Scott County Historical Society
Scott County, Virginia

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Brothers In Arms

The Derting Brothers all returned safely from European duty in WWII: Earl, Carl, Homer, Joe, Ralph and Roy

B y GEORGE THWAITES

    When he published his recent book of American oral accounts of the World War II era, writer Studs Terkel titled his work The Last Good War.

     Many of the men who would see action in this epic conflict would hardly remember the hardship and suffering they witnessed as "good", but then, that is not where the meaning of the title lay. Terkel was referring to the fact that it was the last American war universally supported by the American public. There were no moral and political ambiguities to be grappled with; both the citizenry at home and the men on the line clearly understood what soil and what sense of decency stood in dire need of defense. In retrospect, The U .S.S. Arizona and the ovens of Auschwitz stand in mute testimony to that historical truth.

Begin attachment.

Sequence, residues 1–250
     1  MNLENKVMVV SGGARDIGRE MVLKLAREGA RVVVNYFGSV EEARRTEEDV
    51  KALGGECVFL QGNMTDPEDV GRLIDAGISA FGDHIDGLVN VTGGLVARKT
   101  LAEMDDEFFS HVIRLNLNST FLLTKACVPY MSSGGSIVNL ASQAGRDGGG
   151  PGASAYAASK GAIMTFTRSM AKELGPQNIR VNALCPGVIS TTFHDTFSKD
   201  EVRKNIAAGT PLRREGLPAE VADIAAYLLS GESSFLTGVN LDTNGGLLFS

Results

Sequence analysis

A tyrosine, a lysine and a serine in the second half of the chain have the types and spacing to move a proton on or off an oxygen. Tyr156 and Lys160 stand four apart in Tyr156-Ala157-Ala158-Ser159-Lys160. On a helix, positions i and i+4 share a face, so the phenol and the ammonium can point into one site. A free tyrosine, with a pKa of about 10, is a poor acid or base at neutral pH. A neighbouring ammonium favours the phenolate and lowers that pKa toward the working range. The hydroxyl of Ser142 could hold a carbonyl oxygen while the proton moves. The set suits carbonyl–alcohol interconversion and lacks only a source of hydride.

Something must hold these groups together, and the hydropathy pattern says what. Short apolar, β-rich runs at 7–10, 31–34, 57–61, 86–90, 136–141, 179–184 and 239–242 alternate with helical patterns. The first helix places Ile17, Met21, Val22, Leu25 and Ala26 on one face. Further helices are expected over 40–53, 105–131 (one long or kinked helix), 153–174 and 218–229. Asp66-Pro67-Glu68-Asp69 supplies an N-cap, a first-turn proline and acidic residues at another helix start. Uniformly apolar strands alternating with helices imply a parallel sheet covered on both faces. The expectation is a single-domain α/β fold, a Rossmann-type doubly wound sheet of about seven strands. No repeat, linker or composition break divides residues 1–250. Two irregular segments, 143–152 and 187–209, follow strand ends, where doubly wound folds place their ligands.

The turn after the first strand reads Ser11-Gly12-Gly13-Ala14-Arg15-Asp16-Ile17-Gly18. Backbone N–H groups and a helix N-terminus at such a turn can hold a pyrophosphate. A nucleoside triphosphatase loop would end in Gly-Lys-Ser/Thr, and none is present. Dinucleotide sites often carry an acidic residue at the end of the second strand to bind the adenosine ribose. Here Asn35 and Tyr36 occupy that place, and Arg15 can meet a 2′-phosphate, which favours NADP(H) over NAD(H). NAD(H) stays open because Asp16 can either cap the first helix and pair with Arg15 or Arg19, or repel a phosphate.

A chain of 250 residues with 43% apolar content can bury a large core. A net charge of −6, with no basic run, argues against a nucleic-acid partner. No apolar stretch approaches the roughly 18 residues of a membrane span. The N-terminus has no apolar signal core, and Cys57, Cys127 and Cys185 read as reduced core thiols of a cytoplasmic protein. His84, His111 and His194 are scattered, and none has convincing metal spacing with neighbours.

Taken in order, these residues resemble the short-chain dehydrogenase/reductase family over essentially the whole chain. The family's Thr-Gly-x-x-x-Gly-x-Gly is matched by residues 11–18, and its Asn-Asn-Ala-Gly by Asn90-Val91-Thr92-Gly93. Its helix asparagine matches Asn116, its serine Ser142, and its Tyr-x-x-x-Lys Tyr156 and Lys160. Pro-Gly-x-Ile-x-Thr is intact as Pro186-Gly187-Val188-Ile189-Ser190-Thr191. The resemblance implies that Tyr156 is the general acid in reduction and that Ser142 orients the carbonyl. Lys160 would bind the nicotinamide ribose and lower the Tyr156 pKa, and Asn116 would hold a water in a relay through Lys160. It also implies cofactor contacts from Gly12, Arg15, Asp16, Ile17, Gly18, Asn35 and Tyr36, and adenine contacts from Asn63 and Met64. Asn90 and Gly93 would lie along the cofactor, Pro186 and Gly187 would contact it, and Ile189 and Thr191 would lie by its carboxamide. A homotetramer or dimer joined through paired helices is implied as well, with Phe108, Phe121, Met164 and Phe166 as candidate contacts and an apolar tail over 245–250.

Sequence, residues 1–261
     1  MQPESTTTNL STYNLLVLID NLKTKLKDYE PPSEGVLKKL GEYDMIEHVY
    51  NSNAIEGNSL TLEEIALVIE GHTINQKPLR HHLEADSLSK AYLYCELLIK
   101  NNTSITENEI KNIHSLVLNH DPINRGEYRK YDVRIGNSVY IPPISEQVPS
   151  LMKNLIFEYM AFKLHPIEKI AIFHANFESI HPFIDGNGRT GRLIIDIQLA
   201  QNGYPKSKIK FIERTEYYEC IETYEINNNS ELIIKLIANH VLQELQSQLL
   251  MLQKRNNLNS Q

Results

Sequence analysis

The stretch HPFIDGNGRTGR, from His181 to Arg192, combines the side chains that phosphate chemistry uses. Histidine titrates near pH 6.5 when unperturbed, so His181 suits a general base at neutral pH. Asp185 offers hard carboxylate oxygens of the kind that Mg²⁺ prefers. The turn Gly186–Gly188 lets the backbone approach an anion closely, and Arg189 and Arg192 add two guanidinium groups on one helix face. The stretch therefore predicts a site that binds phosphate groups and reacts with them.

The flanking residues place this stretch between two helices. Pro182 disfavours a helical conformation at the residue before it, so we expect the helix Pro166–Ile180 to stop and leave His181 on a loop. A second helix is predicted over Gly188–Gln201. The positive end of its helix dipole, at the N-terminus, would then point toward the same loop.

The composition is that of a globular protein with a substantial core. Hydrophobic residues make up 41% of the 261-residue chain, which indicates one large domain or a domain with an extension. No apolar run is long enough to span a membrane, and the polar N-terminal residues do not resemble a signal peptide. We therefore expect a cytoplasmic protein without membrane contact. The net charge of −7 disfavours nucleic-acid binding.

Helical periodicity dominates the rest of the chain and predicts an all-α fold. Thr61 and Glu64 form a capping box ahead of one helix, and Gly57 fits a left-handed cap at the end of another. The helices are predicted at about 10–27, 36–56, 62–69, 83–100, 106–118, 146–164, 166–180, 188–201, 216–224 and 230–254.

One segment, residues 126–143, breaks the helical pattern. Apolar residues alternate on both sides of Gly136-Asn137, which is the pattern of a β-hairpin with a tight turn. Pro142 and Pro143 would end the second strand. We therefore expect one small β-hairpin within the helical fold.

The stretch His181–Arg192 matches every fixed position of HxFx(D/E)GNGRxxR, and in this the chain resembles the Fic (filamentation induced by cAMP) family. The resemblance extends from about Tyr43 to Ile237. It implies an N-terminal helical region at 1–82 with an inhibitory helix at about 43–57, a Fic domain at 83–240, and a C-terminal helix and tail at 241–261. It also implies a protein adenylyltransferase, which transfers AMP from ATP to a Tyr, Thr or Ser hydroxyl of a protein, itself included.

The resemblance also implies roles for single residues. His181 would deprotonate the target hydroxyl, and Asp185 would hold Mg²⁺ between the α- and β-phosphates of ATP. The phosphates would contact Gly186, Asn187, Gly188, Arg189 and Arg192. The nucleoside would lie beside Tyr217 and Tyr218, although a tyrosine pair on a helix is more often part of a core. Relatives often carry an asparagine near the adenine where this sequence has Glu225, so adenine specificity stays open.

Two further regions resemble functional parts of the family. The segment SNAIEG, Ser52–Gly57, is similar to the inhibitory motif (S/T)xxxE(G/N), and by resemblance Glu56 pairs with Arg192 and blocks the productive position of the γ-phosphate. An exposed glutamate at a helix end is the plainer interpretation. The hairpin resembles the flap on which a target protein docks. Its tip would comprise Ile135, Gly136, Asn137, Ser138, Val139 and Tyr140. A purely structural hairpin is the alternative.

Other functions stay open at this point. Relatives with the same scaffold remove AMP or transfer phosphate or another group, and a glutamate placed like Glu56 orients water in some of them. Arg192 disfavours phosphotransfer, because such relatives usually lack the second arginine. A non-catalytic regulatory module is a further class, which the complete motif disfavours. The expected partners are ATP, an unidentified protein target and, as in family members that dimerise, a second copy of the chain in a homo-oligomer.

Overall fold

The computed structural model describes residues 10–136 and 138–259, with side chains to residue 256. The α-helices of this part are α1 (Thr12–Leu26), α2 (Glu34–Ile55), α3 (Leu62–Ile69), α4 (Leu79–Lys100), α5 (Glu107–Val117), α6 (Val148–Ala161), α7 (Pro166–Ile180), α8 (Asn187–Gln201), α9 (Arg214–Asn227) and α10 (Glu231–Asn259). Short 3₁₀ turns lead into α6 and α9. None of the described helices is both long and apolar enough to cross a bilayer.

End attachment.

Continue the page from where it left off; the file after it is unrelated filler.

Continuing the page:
So it was for Scott Countians. A collection of 1944 editions of the Gate City Herald (which somehow survived a disastrous fire which destroyed a great wealth of back issues) clearly demonstrate the omnipresence of the war in the minds of county people.

     While it has been a difficult task to pin down the exact numbers of Scott County soldiers who served in WWII, it can be said without much fear of error that the final roster would be in the thousands. As such, this edition cannot even hope to even cap the tip of the iceberg with regard to the personal accounts of service in that war. Documentation of the triumphs, tragedies, blood, sweat and tears of this county alone would fill volumes.